under attack from the bosses and their state. The militants
in Melbourne, Geelong and Perth/Fremantle stood out. This
process began throwing up some very left-wing natural
leaders of the working class. Just a couple, some might
scoff but a couple of these are worth a lot more than scores
of paper revolutionary manifestos.

S11-2000 added to the potency of the new militant trade
union minority by revitalising large layers of social
movement and left activists. Maybe this pales against the
earlier militant minority movement in Australia, which Tom
has studied in detail, but its the break we have today and
one that challenges the far left in this country to shed
more of its semi-sectarian heritage.

In the DSP we recognised this as a major new development
that the organised revolutionary left had to relate to. So
with our modest forces we tried our best to build links with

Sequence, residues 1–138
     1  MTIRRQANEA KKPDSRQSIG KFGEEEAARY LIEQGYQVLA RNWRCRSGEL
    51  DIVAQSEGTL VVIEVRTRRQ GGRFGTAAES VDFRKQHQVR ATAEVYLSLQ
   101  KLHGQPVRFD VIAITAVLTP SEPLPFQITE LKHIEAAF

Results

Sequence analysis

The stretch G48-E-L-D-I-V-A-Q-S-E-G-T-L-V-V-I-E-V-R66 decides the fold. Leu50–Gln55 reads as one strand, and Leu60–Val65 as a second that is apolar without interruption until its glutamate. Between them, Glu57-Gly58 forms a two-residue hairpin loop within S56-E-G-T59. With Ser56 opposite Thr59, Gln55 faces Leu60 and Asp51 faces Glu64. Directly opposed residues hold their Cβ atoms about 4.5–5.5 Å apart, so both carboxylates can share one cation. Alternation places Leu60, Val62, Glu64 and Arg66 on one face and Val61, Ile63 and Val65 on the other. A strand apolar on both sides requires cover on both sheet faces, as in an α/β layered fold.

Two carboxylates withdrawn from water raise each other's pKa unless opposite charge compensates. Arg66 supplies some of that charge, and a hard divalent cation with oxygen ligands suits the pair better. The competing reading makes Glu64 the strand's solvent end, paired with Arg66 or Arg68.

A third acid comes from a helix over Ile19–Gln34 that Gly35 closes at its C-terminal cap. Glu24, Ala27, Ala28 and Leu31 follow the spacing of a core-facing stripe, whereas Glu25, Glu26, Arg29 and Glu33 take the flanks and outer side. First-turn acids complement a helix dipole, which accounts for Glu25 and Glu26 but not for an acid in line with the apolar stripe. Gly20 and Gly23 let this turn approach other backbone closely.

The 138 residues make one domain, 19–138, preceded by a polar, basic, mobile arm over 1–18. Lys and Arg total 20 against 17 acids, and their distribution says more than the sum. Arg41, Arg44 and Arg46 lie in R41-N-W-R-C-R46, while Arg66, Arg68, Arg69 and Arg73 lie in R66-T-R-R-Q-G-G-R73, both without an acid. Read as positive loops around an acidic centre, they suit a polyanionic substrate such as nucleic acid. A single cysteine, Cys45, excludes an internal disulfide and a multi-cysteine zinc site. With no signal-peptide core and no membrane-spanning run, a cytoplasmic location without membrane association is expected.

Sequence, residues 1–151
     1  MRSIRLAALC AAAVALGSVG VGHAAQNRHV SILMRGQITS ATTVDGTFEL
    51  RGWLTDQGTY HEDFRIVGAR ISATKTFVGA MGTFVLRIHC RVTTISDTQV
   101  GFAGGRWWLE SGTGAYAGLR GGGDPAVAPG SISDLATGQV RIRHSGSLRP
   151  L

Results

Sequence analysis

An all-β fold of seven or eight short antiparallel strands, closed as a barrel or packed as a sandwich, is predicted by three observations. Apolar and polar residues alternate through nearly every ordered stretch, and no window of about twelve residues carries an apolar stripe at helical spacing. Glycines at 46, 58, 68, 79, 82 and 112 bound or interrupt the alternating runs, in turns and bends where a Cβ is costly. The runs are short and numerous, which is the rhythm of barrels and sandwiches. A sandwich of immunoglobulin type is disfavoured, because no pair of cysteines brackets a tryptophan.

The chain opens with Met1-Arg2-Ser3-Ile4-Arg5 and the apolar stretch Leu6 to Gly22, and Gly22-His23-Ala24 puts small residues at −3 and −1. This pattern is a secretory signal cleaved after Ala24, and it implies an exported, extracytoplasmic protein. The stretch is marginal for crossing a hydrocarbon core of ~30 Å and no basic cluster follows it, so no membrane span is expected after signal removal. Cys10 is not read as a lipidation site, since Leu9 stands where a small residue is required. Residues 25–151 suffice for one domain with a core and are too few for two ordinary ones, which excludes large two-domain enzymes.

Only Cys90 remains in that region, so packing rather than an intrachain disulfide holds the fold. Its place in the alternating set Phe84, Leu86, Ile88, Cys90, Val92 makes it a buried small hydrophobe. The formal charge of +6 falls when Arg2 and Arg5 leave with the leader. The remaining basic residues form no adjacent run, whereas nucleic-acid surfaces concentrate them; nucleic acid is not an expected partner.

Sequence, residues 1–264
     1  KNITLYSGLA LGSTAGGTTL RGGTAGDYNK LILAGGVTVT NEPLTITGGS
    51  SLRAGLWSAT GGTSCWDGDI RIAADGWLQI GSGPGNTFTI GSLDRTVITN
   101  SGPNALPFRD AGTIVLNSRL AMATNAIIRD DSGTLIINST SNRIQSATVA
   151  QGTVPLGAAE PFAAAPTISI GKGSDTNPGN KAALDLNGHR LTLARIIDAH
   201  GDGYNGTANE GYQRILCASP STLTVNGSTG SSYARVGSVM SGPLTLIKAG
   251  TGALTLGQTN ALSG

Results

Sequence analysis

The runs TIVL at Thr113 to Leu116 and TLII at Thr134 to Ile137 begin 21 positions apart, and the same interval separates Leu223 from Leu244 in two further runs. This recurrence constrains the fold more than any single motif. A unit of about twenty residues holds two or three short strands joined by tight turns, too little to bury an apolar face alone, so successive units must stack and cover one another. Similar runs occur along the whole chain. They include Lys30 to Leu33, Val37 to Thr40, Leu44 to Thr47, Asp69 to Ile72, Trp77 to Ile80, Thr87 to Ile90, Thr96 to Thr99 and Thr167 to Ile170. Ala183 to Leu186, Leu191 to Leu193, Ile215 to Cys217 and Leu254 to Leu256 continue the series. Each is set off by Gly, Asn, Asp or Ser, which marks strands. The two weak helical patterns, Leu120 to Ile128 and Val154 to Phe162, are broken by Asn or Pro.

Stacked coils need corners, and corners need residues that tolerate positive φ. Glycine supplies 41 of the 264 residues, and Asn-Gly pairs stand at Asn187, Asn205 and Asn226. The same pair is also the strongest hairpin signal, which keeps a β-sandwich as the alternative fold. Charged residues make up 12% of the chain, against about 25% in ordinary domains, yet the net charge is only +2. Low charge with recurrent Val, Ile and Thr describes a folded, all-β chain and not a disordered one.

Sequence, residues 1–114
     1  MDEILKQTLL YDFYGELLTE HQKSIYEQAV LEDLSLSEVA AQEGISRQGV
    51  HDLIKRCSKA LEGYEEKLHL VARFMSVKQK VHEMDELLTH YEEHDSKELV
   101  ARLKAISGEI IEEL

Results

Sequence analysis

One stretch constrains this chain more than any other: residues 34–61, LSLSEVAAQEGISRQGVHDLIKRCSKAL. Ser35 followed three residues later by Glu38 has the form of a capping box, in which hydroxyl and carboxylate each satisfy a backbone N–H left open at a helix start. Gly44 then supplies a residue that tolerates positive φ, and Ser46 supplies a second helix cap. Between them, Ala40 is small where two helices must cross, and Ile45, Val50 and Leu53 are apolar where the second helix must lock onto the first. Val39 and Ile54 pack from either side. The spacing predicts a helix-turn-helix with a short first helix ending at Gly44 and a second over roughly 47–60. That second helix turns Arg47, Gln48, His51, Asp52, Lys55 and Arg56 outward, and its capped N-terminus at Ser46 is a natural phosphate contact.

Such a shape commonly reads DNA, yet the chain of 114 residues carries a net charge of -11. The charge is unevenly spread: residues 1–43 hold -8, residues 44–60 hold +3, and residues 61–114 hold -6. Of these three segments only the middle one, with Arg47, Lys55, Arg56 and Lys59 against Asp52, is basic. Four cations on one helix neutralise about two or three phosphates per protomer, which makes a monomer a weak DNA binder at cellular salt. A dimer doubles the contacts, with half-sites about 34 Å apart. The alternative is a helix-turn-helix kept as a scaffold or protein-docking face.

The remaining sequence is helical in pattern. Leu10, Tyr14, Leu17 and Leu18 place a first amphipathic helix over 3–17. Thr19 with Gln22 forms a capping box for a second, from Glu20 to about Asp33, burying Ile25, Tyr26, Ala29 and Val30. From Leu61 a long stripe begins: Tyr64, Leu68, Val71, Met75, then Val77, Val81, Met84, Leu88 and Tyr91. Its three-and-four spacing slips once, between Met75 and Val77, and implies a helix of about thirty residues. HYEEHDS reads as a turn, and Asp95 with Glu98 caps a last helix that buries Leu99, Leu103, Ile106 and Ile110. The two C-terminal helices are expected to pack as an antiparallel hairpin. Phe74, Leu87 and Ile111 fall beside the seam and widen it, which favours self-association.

the union militants - as probably did comrades in other
socialist groups.  We had some success and this contributed
to the role that the left unions played not just at S11,
2000 but also at May 1 2001 & 2002 in Melbourne and to a
lesser extent in Perth. The militant trade union minority
was working with the revolutionary left much more than they
had for many years. Comrades in other revolutionary groups
played a role in breaking down prejudices against "the
Trots", though sometimes the temptation by one group or
another to prove their revolutionary superiority through
militant stunts worked against this process.

While the comrades in the ISO were trying to address the
post-S11-2000 opening through an organisational turn to
local branches and an attempt to enter a poorly defined
"anti-capitalist milieux" we in the DSP saw the opening more
in terms of a revitalised left constituency, with a future
that was tied up with the development of the militant
minority in the trade unions. Direct work with the latter in
industrial work had to be combined with political
initiatives that brought together these two wings of the new